15 de abril de 2014 / 14:58 / en 4 años

UPDATE 1-Hedge fund to force shareholder vote on Nexans CEO

* Amber wants to split chairman and CEO functions

* Nexans shares down 44 pct in three years

* Company said in February it would not pay dividend

* Nexans one of most shorted stocks on French bourse (Adds background, detail)

By Andrew Callus and Blaise Robinson

PARIS, April 15 (Reuters) - Nexans shareholder Amber Capital said it plans to force a vote on a resolution to push Chairman and Chief Executive Frederic Vincent off the board at the cable maker’s annual shareholder meeting on May 15.

Nexans made a loss in 2013 and skipped its dividend for the year after being forced to raise new share capital in October, blaming a lack of growth in Europe and industry overcapacity.

Hedge fund Amber, which has a 5.5 percent stake in Nexans and is the Paris-listed company’s fourth-largest shareholder, knows it has little chance of success but plans to submit the resolution on Tuesday in protest against what it sees as poor performance since Vincent took the helm in 2009, Amber managing partner Olivier Fortesa told Reuters.

The resolution will be based on an Oct. 31 request from Amber to split the chairman and CEO functions, in line with U.S. and British corporate governance norms, Fortesa said. That request was denied two weeks later.

“The worsening of the (performance) situation, which has accelerated over the course of recent months, is very worrying and requires urgent action,” a draft of the resolution sent to Reuters said.

A Nexans spokeswoman said: “These issues will be dealt with at the AGM and management has no comment to make at this stage”.

Shareholders have the power to vote Vincent off the board and thereby end his reign as chairman, though only the board itself has the power to remove him as CEO.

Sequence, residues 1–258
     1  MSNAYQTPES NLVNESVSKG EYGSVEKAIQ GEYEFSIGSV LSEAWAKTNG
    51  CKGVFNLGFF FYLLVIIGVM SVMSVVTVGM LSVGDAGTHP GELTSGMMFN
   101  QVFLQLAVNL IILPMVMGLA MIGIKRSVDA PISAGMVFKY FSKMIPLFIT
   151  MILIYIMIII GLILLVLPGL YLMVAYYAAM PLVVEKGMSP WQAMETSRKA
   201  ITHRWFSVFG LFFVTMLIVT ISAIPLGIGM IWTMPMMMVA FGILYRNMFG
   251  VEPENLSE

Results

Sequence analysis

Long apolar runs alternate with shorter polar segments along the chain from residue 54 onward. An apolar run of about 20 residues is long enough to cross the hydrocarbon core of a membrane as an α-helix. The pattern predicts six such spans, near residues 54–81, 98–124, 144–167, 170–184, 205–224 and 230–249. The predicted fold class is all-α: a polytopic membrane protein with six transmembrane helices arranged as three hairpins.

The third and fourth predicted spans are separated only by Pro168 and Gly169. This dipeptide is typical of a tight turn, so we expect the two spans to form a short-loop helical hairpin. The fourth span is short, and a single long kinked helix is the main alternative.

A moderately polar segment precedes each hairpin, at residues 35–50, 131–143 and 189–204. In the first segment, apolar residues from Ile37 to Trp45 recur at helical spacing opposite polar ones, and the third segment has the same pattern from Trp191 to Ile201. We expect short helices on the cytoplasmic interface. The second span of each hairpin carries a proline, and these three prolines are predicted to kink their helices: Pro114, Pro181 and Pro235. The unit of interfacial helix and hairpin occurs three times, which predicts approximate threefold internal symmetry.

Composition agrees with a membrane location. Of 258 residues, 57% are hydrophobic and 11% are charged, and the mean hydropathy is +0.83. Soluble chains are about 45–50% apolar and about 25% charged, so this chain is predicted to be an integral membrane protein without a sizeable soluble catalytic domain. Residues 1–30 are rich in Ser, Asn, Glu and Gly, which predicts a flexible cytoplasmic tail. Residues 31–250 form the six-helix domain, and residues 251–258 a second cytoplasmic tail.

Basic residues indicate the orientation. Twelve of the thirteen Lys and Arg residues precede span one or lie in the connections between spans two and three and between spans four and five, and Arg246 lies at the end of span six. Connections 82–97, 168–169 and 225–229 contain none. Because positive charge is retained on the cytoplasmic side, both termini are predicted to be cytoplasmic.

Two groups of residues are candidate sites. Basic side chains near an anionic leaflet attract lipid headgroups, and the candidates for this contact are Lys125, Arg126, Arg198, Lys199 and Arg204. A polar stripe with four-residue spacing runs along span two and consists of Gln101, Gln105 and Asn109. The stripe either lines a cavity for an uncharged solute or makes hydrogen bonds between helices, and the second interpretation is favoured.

Fortesa said a performance gap between Nexans and its main competitor Prysmian “has been widening year after year”.

Nexans stock has slid by about 44 percent in the past three years, while Prysmian is up 13 percent in the same time and the STOXX Europe 600 index is up 16 percent.


Nexans’ dominant shareholder with 28 percent is Invexans, a holding company run as a separate business from the 70-year-old Chilean copper goods business Madeco, where it has its roots, and which in turn is controlled by the Chilean Luksic family’s Quinenco.

Madeco became an 8.9 percent shareholder in 2008 when it sold its own cables division to Nexans.

Under a shareholder agreement amended in 2012, Invexans has built its stake to 28 percent and can propose three board members. The agreement commits Invexans to a lock-up agreement where it must hold at least 25 percent of Nexans until Nov. 26, 2015, and not more than 28 percent.

The second- and third-largest shareholdings in Nexans belong to Manning & Napier Advisors, a U.S. value fund, and BPI, the French government investment vehicle, both with just under 8 percent. BPI bought its stake in 2009 to “stabilise and reinforce” the company’s shareholder base.

Nexans said in February it would not pay a dividend for 2013 when restructuring and impairment charges led to a net loss.

Prysmian shares offer a dividend yield of 2.5 percent, while companies listed in the STOXX Europe industrials index trade on average at a dividend yield of 2.7 percent, according to Thomson Reuters Datastream data.

Other valuation ratios also show Nexans has been underperforming, with a return on equity (ROE) ratio of -19.9 and price-to-book (P/B) ratio at 0.7, according to Datastream.

Prysmian offers a ROE of 13.2 and has a P/B of 3.5. STOXX industrials trade at 2.8 times book value on average.

Both businesses are about the development, design, production, supply and installation of cables, mainly to the energy and telecom sectors.

Nexans stock is also in the crosshairs of a number of hedge funds betting on losses in the shares. According to data from Markit, about 5.8 percent of Nexans’ outstanding shares are on loan, one of the most shorted stocks on the French bourse.

Short selling, popular with hedge funds, involves selling borrowed shares in the hope of buying them back more cheaply later and pocketing the difference. Short sellers usually target shares in struggling companies underperforming their sectors. (Editing by James Regan and Tom Pfeiffer)

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